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Monthly Archives: May 2012

I have a talent for discovering nice cafes. Everywhere I go, I always need to find at least one place with the right feel to it, a haven of harmony where I can unwind doing something as mundane as drinking some tea or coffee. A place where I can imbibe the atmosphere and read, write, chat or just relax doing nothing.

The newest addition to my list is the only existing cafe in this godforsaken rural agglomeration of the Japanese south.  I discovered it by deciphering a sign during an evening stroll and talked about it to my hostess who took me there immediately, probably sensing the urgency.

I think it is genetic. This penchant for cafes. I must have inherited it from my grandmother who has always looked forward to treating me and my sister on a cup of coffee on our visits, happy over the fact that we shared her interest, unlike our grandfather.

My grandmother is a small-town girl you see, with a childhood impregnated by the smell of freshly baked bread and pastries. Not only was her mother an excellent cook, but her grandparents  and uncle used to own a bakery. Maybe that explains her sweetness.

I can imagine her spending time at the family bakery cum cafe after school on an early winter afternoon, eating a cinnamon roll and drinking hot milk stained with coffee, maybe in the company of her favorite cousin.

Local people coming and going, popular tunes on the radio and my grandmother, a little girl unaware of what the future had in store.

She would maybe be thinking about school work, a quarel with a friend, an interesting fact from a book or something that had tickled her fancy.

A little girl, in a family-run cafe, in a small town in the sleepy countryside. Back at a time when I was not even so much as a fragment of a thought…

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The Kanoya surroundings remind me of my childhood summers in the south of Sweden.

Fields and grenery all around. The smell of manure is in the air and when I go for my morning jog,  I have the mount Takakuma as a backdrop. Not very Scandinavian may be, but spectacular all the same.

New places require new routines. So every morning I get up, and after a short chat with Keiko-san, I put on my sports’ shoes and go out for some morning exercise.

When I get back, Keiko-san has already made coffee and I jump into the shower, in true athletic spirit. When I have freshened up, I withdraw to my headquarters for some moments of silent contemplation before I enter the kitchen to  take breakfast together with my host and chit-chat in Anglojapanese.

Keiko-san is curious enough to try my various cooking attempts. She finishes the  portion of porridge I serve her, but  later on, she politely informs me that she prefers rice.

One of the morning highlights so far, has been when Keiko-san to her big amazement discovered that the milk and culture mix that I had prepared the night before had actually become yoghurt by the morning.

“Yo-gu-ru-tto!” she exclaimed happily. It is indeed easy to entertain a person with a joyful disposition.

It does take a good breakfast to brace oneself with the necessary mental strength for fighting off the clouds of ambiguity that obscure everyday conversational efforts:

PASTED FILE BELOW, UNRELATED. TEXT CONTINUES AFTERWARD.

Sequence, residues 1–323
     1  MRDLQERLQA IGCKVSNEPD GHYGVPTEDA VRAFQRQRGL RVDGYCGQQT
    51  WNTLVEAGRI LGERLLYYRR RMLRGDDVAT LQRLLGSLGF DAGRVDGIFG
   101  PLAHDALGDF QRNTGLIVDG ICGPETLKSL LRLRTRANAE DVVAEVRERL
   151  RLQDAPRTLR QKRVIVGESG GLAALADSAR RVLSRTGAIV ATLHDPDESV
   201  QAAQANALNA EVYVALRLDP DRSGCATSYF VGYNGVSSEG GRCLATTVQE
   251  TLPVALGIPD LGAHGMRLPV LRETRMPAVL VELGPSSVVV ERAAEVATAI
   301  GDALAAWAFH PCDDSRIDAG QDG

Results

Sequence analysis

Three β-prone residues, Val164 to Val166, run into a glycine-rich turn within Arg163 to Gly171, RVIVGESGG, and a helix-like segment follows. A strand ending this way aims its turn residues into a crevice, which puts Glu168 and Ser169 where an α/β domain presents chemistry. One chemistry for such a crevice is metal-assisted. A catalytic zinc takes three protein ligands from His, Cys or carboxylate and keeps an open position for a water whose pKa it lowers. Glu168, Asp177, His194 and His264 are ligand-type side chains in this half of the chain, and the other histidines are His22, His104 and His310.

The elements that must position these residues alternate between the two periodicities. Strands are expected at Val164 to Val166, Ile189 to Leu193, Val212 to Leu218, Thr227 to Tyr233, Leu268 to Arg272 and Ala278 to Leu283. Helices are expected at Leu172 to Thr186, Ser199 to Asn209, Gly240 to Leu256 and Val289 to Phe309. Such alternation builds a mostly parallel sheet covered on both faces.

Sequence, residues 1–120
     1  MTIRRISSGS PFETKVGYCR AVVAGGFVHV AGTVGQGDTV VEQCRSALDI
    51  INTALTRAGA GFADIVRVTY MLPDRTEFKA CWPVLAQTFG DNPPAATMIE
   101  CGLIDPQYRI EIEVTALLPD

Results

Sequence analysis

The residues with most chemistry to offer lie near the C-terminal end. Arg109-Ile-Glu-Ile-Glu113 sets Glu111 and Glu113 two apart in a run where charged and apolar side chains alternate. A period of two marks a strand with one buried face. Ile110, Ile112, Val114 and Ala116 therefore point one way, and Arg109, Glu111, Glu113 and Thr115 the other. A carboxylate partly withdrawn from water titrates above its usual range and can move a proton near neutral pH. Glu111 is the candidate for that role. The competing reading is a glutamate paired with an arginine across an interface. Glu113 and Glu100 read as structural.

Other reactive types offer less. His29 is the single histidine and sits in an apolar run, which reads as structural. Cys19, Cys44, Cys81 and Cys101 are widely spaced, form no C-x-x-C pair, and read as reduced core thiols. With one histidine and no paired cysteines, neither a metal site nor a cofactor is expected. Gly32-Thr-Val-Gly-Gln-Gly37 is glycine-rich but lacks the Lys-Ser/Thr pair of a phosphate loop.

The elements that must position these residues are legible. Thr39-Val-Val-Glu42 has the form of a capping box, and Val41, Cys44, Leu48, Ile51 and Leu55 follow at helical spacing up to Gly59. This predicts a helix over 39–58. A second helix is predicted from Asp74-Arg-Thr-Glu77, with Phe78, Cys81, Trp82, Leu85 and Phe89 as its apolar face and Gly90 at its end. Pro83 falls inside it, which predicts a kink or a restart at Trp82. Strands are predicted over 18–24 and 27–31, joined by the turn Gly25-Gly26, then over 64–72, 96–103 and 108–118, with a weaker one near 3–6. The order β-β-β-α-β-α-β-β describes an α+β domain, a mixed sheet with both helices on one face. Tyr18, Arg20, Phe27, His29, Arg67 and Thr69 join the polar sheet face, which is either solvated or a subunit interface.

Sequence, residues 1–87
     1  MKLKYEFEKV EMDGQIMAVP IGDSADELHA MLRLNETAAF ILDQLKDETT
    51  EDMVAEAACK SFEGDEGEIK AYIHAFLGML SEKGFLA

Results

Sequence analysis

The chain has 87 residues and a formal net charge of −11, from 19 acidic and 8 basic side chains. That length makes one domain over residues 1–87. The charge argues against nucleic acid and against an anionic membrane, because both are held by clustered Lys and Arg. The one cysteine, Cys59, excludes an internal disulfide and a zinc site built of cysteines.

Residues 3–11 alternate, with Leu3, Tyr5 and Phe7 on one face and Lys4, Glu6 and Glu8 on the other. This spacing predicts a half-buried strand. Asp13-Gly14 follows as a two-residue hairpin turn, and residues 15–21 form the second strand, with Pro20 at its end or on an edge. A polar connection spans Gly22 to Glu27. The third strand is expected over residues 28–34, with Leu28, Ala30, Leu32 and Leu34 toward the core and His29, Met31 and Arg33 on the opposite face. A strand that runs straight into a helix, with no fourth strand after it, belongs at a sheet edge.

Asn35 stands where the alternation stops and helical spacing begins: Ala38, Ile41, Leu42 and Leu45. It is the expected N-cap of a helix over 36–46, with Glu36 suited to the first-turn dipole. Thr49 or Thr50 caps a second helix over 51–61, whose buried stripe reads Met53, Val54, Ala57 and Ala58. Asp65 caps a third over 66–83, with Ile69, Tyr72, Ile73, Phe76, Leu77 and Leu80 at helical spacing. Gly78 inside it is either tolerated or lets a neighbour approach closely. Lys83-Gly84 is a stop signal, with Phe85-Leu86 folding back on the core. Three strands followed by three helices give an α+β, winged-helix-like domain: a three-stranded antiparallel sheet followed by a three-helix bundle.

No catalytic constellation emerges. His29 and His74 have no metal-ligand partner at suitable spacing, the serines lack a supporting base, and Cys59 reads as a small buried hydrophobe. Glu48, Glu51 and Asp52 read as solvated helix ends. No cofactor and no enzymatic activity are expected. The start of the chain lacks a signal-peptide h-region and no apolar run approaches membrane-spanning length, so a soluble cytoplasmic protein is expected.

Miscommunication

Sofia: “In Europe, when you work for somebody, when you have a contract, you can take about 20 days off a year.”

Japanese person: “I?”

Sofia: “Not YOU personally. I mean generally.”

Japanese person: “Generally?”

Sofia to herself: “Who cares about European socialist bullshit anyway?”

Revelations

Well, When and Will are three different words. So are Or and All.

Beauty of details

L and R are two different phonemes – contrastive sound bites –  in English. So Lice and Rice are not the same thing. Same goes for Light, Write and Right. Same goes for…..

Metalinguistic flops

Sofia: “What does this word mean?”

Japanese person: “What does this word mean?”

Sofia: “No, I am asking YOU. It is a question.”

I admit to being a strict teacher – kibishii sensei. But there is steady progress.

I swear by my morning cereal.

I am in Japan and finally connected.

My maiden trip to the land of the rising sun… I am staying at  a Guest House located in a small town, somewhere in the district of Kagoshima – please remind me to check it out on the map one of these days.

In the mornings I clean guest rooms, rake leafs in the garden, do some weeding. The plan of the day is discussed over breakfast and coffee.

I have also made good friends with the smiley sponge, jumping for joy every time I am about to wash the dishes. I think it is just happy to see me.

My sweet hostess takes me out for lunch almost daily, making sure that I try all the Japanese delicacies that do not contain meat or gluten. So far, my dietary restrictions have not in any way been an obstacle to genuine culinary experiences.

Ah, I think I am going to take some time to stretch my aching lower back, and then go for a bike-ride in the  flatlands of Kanoya.

I reserved my last days in Malaysia for sight-seeing in the long-neglected Kuala Lumpur.

I thought I should start with the National Museum to try and figure out who was here first, who came later, who stayed on and how the intriguing mix of cultures and destinies that  today’s Malaysia stands for.

I hadn’t for one moment imagined that my way there would be a quite dangerous pursuit.

On my way out of KL Sentral, I took a wrong right turn. I confirmed directions with a local who did not warn me that I was about to walk along a highway, take a U turn and then cross 6 lanes of cars before arriving to my final destination.